In a speech Following the catastrophic fire that ripped through Paris’ Notre-Dame Cathedral, Sweden’s teen climate activist Greta Thunberg gave an impassioned speech on Tuesday where she challenged Europe’s leaders to take the threat of climate change as seriously as the plans to rebuild the heavily damaged famed church.

“I’m 16 years old, I come from Sweden and I want to make you panic. I want you to act as if your house were on fire,” said Thunberg.  “Our civilisation is so fragile, like a castle built on sand. Its facade is beautiful but the foundations are so fragile,” Thunberg said a room of more than 250 people at the Environment Committee of the European Parliament. “Yesterday, the world looked with despair and huge sadness at how Our Lady of Paris burned. Some constructions are more than constructions. But Notre-Dame will be rebuilt. I hope its foundations are solid. And I hope that our foundations are so much, but I fear the opposite: around 2030, we will be in a situation of irreversible changes that will most likely lead to the end of civilization as we know it.”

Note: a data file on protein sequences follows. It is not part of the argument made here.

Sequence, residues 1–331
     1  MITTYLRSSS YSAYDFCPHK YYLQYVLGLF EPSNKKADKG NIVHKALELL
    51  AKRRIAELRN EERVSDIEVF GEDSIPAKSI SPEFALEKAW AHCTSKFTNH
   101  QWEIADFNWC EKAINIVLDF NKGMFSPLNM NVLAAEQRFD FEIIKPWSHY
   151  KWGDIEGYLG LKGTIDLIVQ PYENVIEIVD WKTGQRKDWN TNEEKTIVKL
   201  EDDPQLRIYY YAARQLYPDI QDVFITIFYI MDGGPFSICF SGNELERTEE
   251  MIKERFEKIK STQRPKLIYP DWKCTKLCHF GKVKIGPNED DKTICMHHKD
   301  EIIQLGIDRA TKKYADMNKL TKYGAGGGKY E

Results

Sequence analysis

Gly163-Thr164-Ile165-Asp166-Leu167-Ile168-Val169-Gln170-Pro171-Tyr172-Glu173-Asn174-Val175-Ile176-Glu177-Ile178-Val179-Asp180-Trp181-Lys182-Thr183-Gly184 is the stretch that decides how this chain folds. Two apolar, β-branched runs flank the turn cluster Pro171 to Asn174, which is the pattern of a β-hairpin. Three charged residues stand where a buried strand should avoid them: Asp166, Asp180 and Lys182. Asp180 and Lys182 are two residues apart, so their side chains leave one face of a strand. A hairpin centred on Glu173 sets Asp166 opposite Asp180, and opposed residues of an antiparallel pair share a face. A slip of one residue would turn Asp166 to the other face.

Thunberg did not shy away from challenging Europe’s political leaders, saying they should spend less time on convening emergency Brexit summits and instead focus on gathering the world’s leading decision-makers for an equally extraordinary climate conference. catastrophe.

“You should put aside your differences and start cooperating…our house is falling apart, time is running out, and yet nothing is happening.”

French MEP from the European People’s Party, Françoise Grossetête, was one of several European parliamentarians who were less-than-pleased by Thunberg’s appearance, which she labelled as a “catastrophic, decreasing, and anti-nuclear discourse” and that Thunberg, herself, has become a political tool for environmental activists.